Social classes seen from below | Inquirer Opinion
Social Climate

Social classes seen from below

/ 05:02 AM September 17, 2022

Self-Identified social class. In April-May of that year, SWS conducted the Philippine round of the 2019 survey on Social Inequality of the International Social Survey Program (ISSP). One of its questions asks what social class the respondent personally belongs to, from a list of six classes. This reveals the social classes as seen from below, just as Self-Rated Poverty is poverty as seen from below.

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As implemented by SWS, the social classes are stated in the following way, with no further explanation: (a) Mababang antas ng lipunan o Lower Class; (b) Grupo ng manggagawa o Working Class; (c) Mababang antas ng kalagitnaang antas ng lipunan o Lower Middle Class; (d) Kalagitnaang antas ng lipunan o Middle Class; (e) Mataas na antas ng kalagitnaang antas ng lipunan o Upper Middle Class; and (f) Mataas na antas ng lipunan o Upper Class.

The English versions are as agreed by the ISSP members, by majority vote; the translations are the responsibility of each country-member (this survey was done in 22 countries). In implementing this item, SWS decided to join the Filipino and English versions, instead of using the Filipino version only. The results for the Philippines (PH) and the average of the 22 countries that did the survey were:

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The other countries were Bulgaria, Chile, Croatia, Czechia, Denmark, Finland, Germany, Great Britain (presumably without Northern Ireland), Iceland, Israel, Italy, Japan, Lithuania, New Zealand, Russia, Slovenia, South Africa, Surinam, Switzerland, Thailand, and Taiwan. The country composition is not fixed—a country may lack survey funds; the Chinese member needs government approval to survey each topic.

The Philippines’ 34.2 percent self-identified Lower Class is the second-highest of the 22 countries, after South Africa’s 43.2 percent. Our Upper Class of 0.4 percent is below average, but above Thailand’s 0.1 percent and South Africa’s 0.0 percent. All ISSP data are free to the public via its website.

I consider the ISSP social classes as the most practical for general research, because they are open to the public, and periodically updated, with the questions strictly unchanged. When done in the Philippines in 1999, the class-percentages, starting from below, were: 31.9, 13.8, 10.8, 37.7, 2.2, and 1.0. This shows that our Middle Class shrunk by 17 points, while our Lower Middle Class grew by 17 points, over two decades.

The meaning of each “social class” is whatever the survey respondents understand by its description. In British English—the official ISSP language—the term “working class” is a category between lower class and lower middle class. SWS implements it by showing respondents the full range of answers to choose from.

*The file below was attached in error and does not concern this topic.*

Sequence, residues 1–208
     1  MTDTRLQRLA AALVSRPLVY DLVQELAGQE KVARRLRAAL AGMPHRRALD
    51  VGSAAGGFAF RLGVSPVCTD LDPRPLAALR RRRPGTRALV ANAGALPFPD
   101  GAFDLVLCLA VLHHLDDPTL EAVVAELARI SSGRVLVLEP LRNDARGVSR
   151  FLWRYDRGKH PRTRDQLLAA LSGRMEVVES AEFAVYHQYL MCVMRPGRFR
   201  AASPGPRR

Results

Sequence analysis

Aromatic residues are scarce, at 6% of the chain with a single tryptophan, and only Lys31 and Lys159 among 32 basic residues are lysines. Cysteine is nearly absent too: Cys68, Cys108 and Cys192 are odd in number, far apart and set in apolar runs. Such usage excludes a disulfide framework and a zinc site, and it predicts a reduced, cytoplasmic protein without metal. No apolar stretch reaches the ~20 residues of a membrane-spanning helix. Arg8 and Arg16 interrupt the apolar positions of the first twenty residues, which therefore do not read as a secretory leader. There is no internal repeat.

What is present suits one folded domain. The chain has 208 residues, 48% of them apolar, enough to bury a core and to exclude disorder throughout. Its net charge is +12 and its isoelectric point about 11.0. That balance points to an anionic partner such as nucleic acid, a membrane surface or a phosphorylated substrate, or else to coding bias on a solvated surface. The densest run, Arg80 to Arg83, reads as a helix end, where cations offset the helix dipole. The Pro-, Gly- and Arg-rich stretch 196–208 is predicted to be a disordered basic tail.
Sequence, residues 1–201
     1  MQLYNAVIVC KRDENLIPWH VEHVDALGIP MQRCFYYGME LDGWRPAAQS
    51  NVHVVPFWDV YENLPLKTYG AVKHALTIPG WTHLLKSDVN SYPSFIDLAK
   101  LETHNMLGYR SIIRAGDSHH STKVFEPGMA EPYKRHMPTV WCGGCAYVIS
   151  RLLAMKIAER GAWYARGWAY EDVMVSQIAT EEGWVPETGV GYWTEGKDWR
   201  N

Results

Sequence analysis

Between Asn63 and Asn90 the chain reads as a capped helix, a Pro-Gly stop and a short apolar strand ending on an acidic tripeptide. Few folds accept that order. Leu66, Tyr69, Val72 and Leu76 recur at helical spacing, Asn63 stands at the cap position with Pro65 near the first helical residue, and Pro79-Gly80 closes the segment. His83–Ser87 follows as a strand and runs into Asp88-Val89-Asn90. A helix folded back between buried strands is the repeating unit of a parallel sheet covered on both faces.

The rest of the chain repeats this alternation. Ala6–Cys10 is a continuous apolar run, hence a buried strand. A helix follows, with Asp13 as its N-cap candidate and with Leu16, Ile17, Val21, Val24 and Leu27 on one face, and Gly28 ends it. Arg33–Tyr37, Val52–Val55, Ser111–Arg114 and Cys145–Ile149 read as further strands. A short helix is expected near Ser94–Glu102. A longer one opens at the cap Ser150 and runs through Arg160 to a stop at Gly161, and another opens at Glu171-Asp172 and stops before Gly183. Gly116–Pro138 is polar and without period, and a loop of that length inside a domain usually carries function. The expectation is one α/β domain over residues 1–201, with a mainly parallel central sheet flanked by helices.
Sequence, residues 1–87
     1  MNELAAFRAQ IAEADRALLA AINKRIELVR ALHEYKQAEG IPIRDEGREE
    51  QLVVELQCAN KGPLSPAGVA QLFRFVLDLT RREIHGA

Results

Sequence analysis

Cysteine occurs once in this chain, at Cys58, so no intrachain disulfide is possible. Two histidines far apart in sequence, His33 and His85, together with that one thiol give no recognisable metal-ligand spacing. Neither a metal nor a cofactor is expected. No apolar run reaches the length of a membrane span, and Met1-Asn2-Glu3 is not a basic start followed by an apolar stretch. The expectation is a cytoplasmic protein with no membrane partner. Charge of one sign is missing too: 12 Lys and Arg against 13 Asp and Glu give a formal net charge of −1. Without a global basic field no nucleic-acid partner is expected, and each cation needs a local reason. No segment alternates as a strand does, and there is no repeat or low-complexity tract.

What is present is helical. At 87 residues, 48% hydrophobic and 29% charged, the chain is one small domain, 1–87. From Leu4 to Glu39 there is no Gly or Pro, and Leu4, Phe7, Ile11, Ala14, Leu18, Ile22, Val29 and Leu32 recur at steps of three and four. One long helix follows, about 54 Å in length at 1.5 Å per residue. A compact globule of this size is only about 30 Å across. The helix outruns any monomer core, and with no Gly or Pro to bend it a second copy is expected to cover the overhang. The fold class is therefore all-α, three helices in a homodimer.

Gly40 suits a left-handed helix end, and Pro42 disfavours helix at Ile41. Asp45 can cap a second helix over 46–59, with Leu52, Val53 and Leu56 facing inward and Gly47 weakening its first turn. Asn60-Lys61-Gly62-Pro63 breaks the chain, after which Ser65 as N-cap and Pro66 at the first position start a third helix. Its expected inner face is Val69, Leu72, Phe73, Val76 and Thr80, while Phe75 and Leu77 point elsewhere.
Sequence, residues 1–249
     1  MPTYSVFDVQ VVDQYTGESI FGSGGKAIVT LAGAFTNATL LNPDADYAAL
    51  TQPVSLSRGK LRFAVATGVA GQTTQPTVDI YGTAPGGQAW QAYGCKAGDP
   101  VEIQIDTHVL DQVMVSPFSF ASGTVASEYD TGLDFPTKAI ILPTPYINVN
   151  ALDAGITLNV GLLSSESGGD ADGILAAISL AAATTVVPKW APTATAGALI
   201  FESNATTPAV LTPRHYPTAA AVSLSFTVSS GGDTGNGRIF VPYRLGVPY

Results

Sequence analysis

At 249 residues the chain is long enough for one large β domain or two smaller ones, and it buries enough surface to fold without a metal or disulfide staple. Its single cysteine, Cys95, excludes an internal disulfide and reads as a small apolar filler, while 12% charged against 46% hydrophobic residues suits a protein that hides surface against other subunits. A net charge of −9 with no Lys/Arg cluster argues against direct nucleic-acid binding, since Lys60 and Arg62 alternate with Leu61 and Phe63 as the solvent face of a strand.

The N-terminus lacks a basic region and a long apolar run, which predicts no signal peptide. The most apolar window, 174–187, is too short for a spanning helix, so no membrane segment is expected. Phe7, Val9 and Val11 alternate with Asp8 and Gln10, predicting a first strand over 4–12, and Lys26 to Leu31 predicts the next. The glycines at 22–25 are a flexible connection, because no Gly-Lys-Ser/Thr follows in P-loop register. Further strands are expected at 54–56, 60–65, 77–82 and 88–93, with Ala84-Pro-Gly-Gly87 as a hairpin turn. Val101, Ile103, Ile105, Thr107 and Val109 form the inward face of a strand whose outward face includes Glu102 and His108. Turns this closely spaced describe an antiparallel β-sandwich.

Society depicted by stacked blocks. The ISSP has another way of asking about social classes by showing the respondents five diagrams of stacked blocks, each block representing a group of people, and describing the diagrams thus:

“Type A: A small elite at the top, very few people in the middle, and the great mass of people at the bottom;

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“Type B: A society like a pyramid with a small elite at the top, more people in the middle, and most at the bottom;

“Type C: A pyramid except that just a few people are at the bottom;

“Type D: A society with most people in the middle; and

“Type E: Many people near the top, and only a few near the bottom.”

Then the interviewer says: “Read the descriptions and look at the diagrams and decide which you think best describes your country.” Thus, this item is on how the people judge the structure of their society, rather than on where they see their own place in it. Types A and B are relatively elitist structures, whereas Types D and E are relatively egalitarian.

When surveyed by SWS for ISSP in 1999, the percentage results of this item were: Type A, 26; Type B, 28; Type C, 11; Type D, 20; and Type E, 12. This means that 54 percent of Filipinos saw society as elitist, while 32 percent saw it as egalitarian, two decades ago.

On the other hand, when surveyed in pre-pandemic 2019, the percentage results were: Type A, 31; Type B, 42; Type C, 11; Type D, 10; and Type D, 6. This shows 73 percent of Filipinos now seeing society as elitist, versus 16 percent seeing it as egalitarian.

As seen from below, even though absolute poverty has declined (more or less, since the decline has not been smooth), the Philippine social structure has grown more elitist and less egalitarian.

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Contact: [email protected]

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TAGS: Poverty, SWS
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